Millions of people across the country struggle with addictions every day – it crosses all social boundaries. Too often, people are led to crime in order to feed their addictions. But innovative Drug Treatment Courts are making a difference, by guiding people trapped in this cycle of crime and addiction to take on the difficult challenge of changing their lives.
“A lot of the graduates say that going through Drug Treatment Court is harder than going to jail,” says Legal Aid Alberta staff duty counsel lawyer Sonia Haer, who represents clients at the Edmonton Drug Treatment Court.
She adds that the approach works: One study found that as of 2018, more than 70 per cent of graduates from the Edmonton and Calgary programs had no new criminal convictions. Another study showed that Drug Treatment Court saves society between $15 million and $20 million per year in the cost of stolen goods alone.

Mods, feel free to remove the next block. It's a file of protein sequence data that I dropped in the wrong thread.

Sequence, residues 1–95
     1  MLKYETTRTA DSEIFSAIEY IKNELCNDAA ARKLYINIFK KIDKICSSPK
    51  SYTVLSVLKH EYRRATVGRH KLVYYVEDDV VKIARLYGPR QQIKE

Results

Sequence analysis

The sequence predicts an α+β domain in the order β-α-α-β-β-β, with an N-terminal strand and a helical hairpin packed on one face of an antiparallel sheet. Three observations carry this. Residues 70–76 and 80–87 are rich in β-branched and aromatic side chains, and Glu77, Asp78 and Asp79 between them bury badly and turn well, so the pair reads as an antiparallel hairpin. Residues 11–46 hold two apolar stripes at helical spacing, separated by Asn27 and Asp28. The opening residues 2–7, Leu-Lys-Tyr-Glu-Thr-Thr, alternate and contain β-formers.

And in the past 12 months, she notes, Alberta has opened new drug treatment courts in Medicine Hat, Lethbridge, Red Deer and Grande Prairie.
Haer says members of the Drug Treatment Court teams see people who embark on “a hard, beautiful journey.”
“People start being present in their own lives – it’s amazing to witness.”
She recounts the story of one client who recently took his young daughter trick-or-treating on Halloween.
“It was the first time he was sober for Halloween and he took her trick or treating, and he was so happy to be there for her, to be present in the moment, to be her safe place. He now understood what a gift he has. He was so grateful and we are so proud of all his hard work. It’s remarkable for us to be a small part of their lives.”
Previously on Ask A Lawyer:
Ask A Lawyer: Tips for co-parenting and holiday visits
Ask A Lawyer: Duty Counsel Day and the impact of duty counsel lawyers
Ask A Lawyer: The Vital Role of Duty Counsel
Ask A Lawyer: Indigenous Courts and Restorative Justice
Ask A Lawyer: Mental Health and the Law
Ask A Lawyer: Immigration and Refugee Claims During the Pandemic
Ask A Lawyer: Teenagers and Crime
Ask A Lawyer: Child Support Payments